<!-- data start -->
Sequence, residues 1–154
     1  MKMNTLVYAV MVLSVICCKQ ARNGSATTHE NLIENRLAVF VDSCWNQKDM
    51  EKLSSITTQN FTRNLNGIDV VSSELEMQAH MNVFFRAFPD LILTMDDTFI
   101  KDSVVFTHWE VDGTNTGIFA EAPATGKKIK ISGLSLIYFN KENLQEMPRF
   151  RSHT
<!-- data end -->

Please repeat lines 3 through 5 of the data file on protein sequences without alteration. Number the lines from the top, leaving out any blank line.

    51  EKLSSITTQN FTRNLNGIDV VSSELEMQAH MNVFFRAFPD LILTMDDTFI
   101  KDSVVFTHWE VDGTNTGIFA EAPATGKKIK ISGLSLIYFN KENLQEMPRF
   151  RSHT